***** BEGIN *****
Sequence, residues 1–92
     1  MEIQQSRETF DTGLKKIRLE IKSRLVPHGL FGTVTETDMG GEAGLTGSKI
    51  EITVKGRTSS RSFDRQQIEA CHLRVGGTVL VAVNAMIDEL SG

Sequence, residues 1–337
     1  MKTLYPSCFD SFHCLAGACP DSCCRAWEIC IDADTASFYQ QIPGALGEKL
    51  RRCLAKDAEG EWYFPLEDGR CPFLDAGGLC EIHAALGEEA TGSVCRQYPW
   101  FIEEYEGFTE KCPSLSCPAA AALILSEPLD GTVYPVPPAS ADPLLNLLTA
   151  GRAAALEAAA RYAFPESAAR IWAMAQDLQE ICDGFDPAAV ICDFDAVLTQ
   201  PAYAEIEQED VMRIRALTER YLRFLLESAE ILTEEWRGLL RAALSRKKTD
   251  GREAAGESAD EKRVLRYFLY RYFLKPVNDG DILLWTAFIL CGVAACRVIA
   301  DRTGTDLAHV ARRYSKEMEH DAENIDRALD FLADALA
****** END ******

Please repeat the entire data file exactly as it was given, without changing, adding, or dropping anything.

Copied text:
Sequence, residues 1–92
     1  MEIQQSRETF DTGLKKIRLE IKSRLVPHGL FGTVTETDMG GEAGLTGSKI
    51  EITVKGRTSS RSFDRQQIEA CHLRVGGTVL VAVNAMIDEL SG

Sequence, residues 1–337
     1  MKTLYPSCFD SFHCLAGACP DSCCRAWEIC IDADTASFYQ QIPGALGEKL
    51  RRCLAKDAEG EWYFPLEDGR CPFLDAGGLC EIHAALGEEA TGSVCRQYPW
   101  FIEEYEGFTE KCPSLSCPAA AALILSEPLD GTVYPVPPAS ADPLLNLLTA
   151  GRAAALEAAA RYAFPESAAR IWAMAQDLQE ICDGFDPAAV ICDFDAVLTQ
   201  PAYAEIEQED VMRIRALTER YLRFLLESAE ILTEEWRGLL RAALSRKKTD
   251  GREAAGESAD EKRVLRYFLY RYFLKPVNDG DILLWTAFIL CGVAACRVIA
   301  DRTGTDLAHV ARRYSKEMEH DAENIDRALD FLADALA